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Gardening for a Changing Climate

Ginny Stibolt

Ginny Stibolt, GreenGardeningMatters.com

Ginny Stibolt is a botanist, educator, and life-long gardener who lives in Green Cove Springs, Florida. She is the author of several books on Florida gardening; her most recent, Climate-Wise Landscaping, was coauthored with Sue Reed and published by New Society Press in 2018. She has also written hundreds of articles about gardening and nature for various publications, and regularly makes speaking appearances to environmental and gardening groups around the U.S. More of Ginny’s blog entries can be found on her website, www.GreenGardeningMatters.com.

These days it feels like there are so many problems in Florida, from red tides and green algae slime to rising sea levels and stronger, more erratic storms, some of which may be related to climate change. To maintain our sanity, sometimes it seems like it would be a lot easier to just stop paying attention and lose ourselves in our gardens. Ahhh…

But there are many things we can do in our landscapes to make a real difference in the face of climate change, as Sue Reed and I present in our new book, Climate-Wise Landscaping: Practical Actions for a Sustainable Future. Sue is a landscape architect in Massachusetts and I’m a botanist and garden writer in North Florida, so our backgrounds are very different, but we were in total agreement that this book was necessary. Our goal was to present a wide variety of ideas to modify the way we think about and manage our own landscapes and those in our communities.

In our book, we don’t try to debate climate change. Instead, we take a more proactive, let’s-roll-up-our-sleeves-and-get-busy approach, providing hundreds of practical actions we can all take right now to address three objectives:

  1. To make landscapes more resilient in the face of climate change;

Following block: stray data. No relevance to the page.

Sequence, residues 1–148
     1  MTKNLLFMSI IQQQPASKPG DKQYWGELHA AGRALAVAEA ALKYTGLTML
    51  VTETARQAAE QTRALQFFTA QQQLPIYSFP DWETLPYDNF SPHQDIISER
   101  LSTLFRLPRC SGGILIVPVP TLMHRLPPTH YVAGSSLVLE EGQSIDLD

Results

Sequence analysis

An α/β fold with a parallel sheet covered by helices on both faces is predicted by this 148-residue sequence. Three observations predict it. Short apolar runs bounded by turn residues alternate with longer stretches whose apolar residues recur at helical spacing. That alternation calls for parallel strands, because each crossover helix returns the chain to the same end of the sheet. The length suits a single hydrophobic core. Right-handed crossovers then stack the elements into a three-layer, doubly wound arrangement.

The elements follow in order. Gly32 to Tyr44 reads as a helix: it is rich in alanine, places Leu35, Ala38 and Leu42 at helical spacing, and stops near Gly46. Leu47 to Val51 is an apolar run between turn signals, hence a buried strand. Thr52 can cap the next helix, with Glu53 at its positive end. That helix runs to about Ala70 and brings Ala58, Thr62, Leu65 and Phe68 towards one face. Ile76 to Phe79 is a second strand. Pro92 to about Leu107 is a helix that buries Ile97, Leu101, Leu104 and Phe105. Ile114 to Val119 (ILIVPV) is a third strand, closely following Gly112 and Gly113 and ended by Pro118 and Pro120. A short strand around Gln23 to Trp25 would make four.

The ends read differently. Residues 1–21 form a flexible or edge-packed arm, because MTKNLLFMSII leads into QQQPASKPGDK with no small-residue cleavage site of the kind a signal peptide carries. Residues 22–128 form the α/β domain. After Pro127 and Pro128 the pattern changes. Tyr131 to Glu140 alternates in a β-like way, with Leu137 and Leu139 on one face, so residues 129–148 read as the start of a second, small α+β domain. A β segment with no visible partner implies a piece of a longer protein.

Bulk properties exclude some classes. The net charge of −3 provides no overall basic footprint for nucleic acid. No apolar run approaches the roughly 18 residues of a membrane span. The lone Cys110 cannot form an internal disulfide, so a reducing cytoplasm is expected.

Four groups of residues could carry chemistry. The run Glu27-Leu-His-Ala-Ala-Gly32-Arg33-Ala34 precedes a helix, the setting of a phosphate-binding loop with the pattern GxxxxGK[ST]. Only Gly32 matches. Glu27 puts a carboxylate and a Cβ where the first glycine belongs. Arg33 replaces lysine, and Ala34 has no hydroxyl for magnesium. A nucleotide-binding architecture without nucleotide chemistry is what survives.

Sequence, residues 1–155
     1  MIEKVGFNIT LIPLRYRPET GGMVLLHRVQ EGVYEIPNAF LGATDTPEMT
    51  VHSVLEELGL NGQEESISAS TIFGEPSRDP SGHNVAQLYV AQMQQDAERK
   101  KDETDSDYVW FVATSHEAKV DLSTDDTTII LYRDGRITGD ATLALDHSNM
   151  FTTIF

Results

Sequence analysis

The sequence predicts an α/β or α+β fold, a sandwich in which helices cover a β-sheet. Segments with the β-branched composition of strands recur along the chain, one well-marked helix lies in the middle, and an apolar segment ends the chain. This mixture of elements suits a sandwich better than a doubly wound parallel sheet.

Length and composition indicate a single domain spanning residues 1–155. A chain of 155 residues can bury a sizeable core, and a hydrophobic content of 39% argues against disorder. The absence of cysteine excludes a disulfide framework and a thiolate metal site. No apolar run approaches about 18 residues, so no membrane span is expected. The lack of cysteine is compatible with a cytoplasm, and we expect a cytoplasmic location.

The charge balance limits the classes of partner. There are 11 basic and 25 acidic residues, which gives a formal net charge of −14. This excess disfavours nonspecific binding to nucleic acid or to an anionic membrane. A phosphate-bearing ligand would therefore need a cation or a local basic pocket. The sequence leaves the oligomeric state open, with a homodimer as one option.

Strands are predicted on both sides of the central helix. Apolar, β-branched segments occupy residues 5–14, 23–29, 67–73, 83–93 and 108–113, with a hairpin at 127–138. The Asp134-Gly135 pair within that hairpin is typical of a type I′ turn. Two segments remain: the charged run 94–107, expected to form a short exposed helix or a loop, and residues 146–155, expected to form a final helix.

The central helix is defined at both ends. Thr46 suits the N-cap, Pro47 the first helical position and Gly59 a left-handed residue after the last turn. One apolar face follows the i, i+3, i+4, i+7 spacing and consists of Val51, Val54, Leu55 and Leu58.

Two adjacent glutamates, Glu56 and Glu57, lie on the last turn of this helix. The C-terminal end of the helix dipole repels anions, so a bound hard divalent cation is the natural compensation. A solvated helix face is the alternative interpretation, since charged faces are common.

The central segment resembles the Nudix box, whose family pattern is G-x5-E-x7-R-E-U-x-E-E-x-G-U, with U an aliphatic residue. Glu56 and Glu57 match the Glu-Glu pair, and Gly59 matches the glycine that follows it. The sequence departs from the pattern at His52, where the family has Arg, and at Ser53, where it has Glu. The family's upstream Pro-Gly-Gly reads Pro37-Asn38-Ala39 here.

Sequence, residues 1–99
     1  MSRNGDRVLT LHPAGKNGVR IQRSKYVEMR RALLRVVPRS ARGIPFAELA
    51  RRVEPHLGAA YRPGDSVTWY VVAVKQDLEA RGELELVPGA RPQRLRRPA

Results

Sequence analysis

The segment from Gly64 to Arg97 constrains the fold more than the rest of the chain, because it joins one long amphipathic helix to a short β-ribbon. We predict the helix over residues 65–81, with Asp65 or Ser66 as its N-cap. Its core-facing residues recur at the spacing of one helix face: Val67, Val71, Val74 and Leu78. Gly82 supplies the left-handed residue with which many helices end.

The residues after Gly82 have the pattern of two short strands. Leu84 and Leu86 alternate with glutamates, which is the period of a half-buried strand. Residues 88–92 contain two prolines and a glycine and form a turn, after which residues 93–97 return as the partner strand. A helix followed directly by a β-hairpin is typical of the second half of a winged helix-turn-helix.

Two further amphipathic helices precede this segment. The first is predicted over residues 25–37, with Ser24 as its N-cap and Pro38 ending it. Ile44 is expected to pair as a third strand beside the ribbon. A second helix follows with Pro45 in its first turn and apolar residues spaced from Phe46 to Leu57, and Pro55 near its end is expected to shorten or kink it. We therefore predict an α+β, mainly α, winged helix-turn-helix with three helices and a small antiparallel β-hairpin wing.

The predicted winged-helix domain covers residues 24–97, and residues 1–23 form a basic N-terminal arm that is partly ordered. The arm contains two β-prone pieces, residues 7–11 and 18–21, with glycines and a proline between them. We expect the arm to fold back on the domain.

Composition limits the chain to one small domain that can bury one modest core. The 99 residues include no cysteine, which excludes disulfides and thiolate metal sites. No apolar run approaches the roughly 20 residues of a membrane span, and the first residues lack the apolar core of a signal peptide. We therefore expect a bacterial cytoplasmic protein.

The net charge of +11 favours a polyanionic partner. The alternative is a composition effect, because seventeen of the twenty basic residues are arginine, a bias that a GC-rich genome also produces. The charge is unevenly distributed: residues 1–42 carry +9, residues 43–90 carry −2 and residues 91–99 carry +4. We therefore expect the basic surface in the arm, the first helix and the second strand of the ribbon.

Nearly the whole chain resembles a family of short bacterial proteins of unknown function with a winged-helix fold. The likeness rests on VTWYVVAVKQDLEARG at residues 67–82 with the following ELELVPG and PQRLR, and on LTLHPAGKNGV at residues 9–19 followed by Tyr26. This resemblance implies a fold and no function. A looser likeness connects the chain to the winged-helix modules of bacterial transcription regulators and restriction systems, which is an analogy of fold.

2. To help birds, pollinators, and other wildlife better survive climate change; and
  3. To help mitigate climate change.

We also include primers on climate change, soil and water chemistry, native plants and other topics so readers can better understand the reasons for some of our suggested actions.

A lot of in-depth research went into writing this book, and we made some surprising discoveries. For example:

  • Soil stores four times more carbon than all of the terrestrial plants, worldwide.
  • When you save water, you not only help to preserve at-risk aquifers, but you are also saving energy, which reduces greenhouse gas emissions.
  • Every pound of food that you grow (or obtain locally) offsets up to two pounds of greenhouse gases.

The easiest and most significant action people can take to become more climate-wise is to rethink their lawns. Typical lawn care usually consists of a combination of insecticides, fungicides, herbicides, synthetic fertilizers, over-irrigation, and reseeding in dormant seasons. This toxic mixture of poisons and fertilizers may keep the grass green year- round, but it harms the underlying soil in many ways, and synthetic fertilizers move quickly through the soil and contribute to the water pollution. Too many nutrients such as nitrogen and phosphorus are the main cause of noxious algae outbreaks.

Turkeytangle fogfruit

My “freedom lawn” in Green Cove Springs includes a good population of turkeytangle fogfruit (Phyla nodifloria), a Florida native plant that takes to mowing moderate traffic.

While large-scale economic and political solutions are needed to address how to handle agriculture’s use of water and nutrients, smaller actions taken by millions of gardeners and landscape professionals can be equally significant. Just think of the positive impact to our waterways if millions of Florida households and thousands of Florida communities liberated their lawns from these treatments, right now. Let’s get busy. We can do this!

An untreated lawn will end up with many types of plants and a healthy soil ecosystem. Learn to love this diversity, which supports birds and pollinators and is safe for your family and pets 100% of the time.

We were extremely honored that Doug Tallamy, entomology professor at the University of Delaware and the nation’s leading native plant advocate, agreed to write a forward to the book. His words end with this thought:

“Read this book carefully. Everything you need to know to help heal our relationship with planet earth and empower you to make a much-needed difference is within these pages.”

Climate-Wise Landscaping

Climate-Wise Landscaping, available at http://ifasbooks.ifas.ufl.edu

Climate-Wise Landscaping and other books by Ginny Stibolt are available at the UF/IFAS Extension Bookstore (http://ifasbooks.ifas.ufl.edu/). She will be a guest speaker at the Florida Master Gardeners Central District conference in Deland on September 28, and the Northwest District Conference in Freeport on October 25. You can find out more about her books and tour dates at https://greengardeningmatters.blogspot.com/p/appearances.html.